Sunday, March 28, 2004

GAJNER: Gateway to avian encounters
Chetna Keer Banerjee

A view of Gajner Lake. The palace is on the left
A view of Gajner Lake. The palace is on the left.
— Photo by the writer

GAJNER is an oasis with a difference tucked away in the desert state of Rajasthan. With its lush palm and peepul-lined avenues, it resonates with the sound of a thousand birdcalls. A country cousin of the better known nature spots of the state like the Bharatpur bird sanctuary, this retreat, about 40 km from Bikaner, is a treasure trove of avian and animal life spread over a 6000-acre expanse.

The shimmering lake on the fringe of the pink sandstone Gajner Palace that once played host to shikar parties of Maharaja Sir Ganga Singh of Mewar and British dignitaries now teems with avian visitors in winter. The stone slabs etched with names of the birds hunted and proudly laid out for display on the palace grounds in earlier times may well bear concrete testimony to a bygone era. But the multitude of ducks and cranes in the lake speak volumes about how the tide of time has turned in their favour. Bird names like the gadwall, pintail, mallard, red crested pochard, shoveller, etc engraved in this paved enclosure now serve more as a catalogue of the bird species that abound on the shores of Gajner’s man-made lake.

Not only is its lake a popular watering hole for swarms of migratory from freezing sub-arctic climes, Gajner also attracts tourists to its palace that has now been converted into a hotel. Its intricately designed jharokhas and arched corridors are a window to a glorious past. The historic Dungar Niwas with British manor-type royal suites, the sprawling Mandir Chowk where visiting dignitaries were received, the Mrigtrishna bar with its gilt-framed mirrors, jali-work carpets and chandeliered ceilings, and the lakeside Mirage restaurant with its stuffed animal trophies evoke the era of shikar and royal grandeur.

Northern pintails are found in large numbers in the lake
Northern pintails are found in large numbers in the lake

Migratory birds on the shore of Gajner Lake
Migratory birds on the shore of Gajner Lake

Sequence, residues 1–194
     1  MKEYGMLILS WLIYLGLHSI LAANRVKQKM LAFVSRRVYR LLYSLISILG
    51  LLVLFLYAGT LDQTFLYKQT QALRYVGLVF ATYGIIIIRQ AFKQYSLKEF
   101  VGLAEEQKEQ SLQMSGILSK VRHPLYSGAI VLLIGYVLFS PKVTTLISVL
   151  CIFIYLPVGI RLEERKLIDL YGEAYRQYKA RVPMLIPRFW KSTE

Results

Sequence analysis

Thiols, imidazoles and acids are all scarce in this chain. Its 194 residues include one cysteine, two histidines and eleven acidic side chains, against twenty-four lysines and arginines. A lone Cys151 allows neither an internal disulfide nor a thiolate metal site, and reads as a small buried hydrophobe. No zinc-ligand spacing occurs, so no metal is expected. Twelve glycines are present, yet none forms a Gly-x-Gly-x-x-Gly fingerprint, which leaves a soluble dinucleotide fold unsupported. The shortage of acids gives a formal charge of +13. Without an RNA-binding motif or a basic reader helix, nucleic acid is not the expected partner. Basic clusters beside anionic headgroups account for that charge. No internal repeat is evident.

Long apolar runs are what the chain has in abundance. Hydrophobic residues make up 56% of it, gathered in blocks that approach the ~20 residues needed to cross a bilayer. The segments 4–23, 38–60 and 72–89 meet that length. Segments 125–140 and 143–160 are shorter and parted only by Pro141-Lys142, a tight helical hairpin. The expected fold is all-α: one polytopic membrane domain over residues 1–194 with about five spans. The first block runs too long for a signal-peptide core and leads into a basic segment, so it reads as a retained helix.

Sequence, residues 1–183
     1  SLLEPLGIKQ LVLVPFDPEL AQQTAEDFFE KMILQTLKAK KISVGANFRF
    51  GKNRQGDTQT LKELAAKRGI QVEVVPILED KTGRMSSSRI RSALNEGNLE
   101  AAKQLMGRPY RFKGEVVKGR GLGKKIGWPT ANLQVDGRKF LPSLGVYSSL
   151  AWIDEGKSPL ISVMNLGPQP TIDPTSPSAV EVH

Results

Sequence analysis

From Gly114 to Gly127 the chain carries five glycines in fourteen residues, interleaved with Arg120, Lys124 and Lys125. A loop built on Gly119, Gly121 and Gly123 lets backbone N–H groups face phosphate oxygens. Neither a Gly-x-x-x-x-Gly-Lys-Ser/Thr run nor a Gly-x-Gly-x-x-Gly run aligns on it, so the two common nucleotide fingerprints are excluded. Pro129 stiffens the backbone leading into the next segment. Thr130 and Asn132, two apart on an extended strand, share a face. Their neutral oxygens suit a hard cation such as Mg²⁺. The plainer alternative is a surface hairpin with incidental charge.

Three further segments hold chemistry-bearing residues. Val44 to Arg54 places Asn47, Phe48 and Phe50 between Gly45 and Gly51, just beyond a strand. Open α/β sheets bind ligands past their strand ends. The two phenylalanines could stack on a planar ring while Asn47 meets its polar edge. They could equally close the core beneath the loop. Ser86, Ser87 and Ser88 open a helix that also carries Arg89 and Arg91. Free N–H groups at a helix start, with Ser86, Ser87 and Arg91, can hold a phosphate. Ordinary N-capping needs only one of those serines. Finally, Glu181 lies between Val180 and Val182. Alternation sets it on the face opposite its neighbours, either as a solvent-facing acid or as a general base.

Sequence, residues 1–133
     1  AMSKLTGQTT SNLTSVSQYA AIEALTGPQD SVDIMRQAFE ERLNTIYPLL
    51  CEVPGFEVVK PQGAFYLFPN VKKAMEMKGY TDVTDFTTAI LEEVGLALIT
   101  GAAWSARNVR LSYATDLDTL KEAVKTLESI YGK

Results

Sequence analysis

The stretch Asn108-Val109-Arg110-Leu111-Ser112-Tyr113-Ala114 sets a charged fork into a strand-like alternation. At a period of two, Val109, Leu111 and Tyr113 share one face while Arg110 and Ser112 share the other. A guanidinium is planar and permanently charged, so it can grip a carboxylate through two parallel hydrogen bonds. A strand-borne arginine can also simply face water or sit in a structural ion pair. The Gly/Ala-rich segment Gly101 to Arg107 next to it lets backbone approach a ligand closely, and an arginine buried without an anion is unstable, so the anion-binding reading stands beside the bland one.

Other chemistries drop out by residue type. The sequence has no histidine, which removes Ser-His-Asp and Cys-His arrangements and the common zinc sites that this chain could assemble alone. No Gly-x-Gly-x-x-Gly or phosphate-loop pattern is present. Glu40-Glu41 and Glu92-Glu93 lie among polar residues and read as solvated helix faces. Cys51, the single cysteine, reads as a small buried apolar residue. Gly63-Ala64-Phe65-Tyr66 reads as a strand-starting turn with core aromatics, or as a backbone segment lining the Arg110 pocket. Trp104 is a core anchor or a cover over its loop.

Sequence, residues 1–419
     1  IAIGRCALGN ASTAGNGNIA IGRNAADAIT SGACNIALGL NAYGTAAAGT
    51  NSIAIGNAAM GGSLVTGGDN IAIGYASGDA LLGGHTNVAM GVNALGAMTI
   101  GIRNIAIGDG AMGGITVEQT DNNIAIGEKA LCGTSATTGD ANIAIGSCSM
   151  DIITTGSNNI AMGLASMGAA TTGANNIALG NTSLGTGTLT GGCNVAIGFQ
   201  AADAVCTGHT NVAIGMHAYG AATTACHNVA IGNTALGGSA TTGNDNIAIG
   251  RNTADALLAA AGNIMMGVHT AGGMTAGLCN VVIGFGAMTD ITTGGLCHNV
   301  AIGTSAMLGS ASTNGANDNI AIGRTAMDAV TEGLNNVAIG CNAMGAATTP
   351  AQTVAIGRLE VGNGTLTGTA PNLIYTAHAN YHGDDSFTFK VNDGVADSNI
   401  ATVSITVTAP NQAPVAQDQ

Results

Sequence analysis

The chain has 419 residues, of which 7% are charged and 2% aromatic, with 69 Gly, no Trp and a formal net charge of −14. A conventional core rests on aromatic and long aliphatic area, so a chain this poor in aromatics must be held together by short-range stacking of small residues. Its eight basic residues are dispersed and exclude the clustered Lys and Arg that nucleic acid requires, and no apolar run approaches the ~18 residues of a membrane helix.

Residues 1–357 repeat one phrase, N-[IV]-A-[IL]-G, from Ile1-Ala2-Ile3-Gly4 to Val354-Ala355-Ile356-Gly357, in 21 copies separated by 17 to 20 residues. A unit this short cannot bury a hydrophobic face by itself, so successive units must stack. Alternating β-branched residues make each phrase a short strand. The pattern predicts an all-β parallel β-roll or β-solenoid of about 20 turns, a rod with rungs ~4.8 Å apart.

The solar-powered boat is a special attraction
The solar-powered boat is a special attraction

Besides these slices from history, the retreat also boasts of a solar-powered water taxi. The solar boat, which embodies the environmental concerns of the present House of Mewar, headed by Arvind Singh of Udaipur, is often used to ferry visitors across to the sanctuary beyond the lake.

Christened Solar Gajner, this water taxi symbolises the confluence of scientific innovation with contemporary ecological needs in a historical setting. On the photovoltaic panels lining its top hangs a tale. It is one in a series of solar water taxis whose idea was born on a paper napkin when Malcolm Moss from the UK made its rough sketch and showed it to the Maharana of Udaipur in the 1990s. This idea first took shape as Solar Pichola that traverses the waters of Udaipur’s Lake Pichola and later the form of Solar Gajner.

This noise and pollution-free boat takes tourists into the heart of the lake from where a closer peep can be had through binoculars at the feathered friends forming a whitish fringe on the edge of the lake. Among the commonly sighted birds here are the northern pintails. Part of the family of whistling ducks and geese, these friendly birds move around in big groups, nibbling at the water surface for food. They are often confused for the northern shovellers that also abound here but are smaller and different in shape. The pochards too belong to the duck family and the one’s habiting this lake are the red crested pochard and the white crested pochard.

Perhaps the one species which is synonymous with Gajner is the imperial sandgrouse or the black-bellied sandgrouse. For over a century, this place has served as a breeding and nestling haven for this stocky, short-tailed winged traveller. The palace terrace that juts into the lake is named after this avian visitor and aptly so, for it affords a panoramic view of the birds that crowd the skyline.

The other species to look out for are the flamingoes and the long-legged, black-necked demoiselle crane, the latter referred to locally as kurja. This feathered creature occupies the same place in Rajasthani folklore which is often ascribed to the kabootar as a messenger of love.

The sanctuary beyond, once the royals’ hunting ground, now stands preserved as a habitat of various wildlife species of antelopes like the chinkara, the black buck, wild boar, neelgai and jackal. Legend has it that even the shikar-loving Maharaja Ganga Singh had shades of an environmental conservationist in him. Once when he learnt that a certain deer species was afflicted by salt deficiency, he got slabs of rock salt tied to trees in the sanctuary for their cure.

The jeep and camel safaris are the popular means of exploring the sanctuary though the palace-hotel even provides cycles to trail the peacocks and sprightly chinkaras that dart into view on the sandy sanctuary floor as well as the palace courtyards.

For the city-stressed tourists weary of life in the fast track, these leisurely safaris and boat rides and the stay at Gajner afford a pleasurable, albeit expensive, way to shift life into slow gear.

This feature was published on February 7, 2004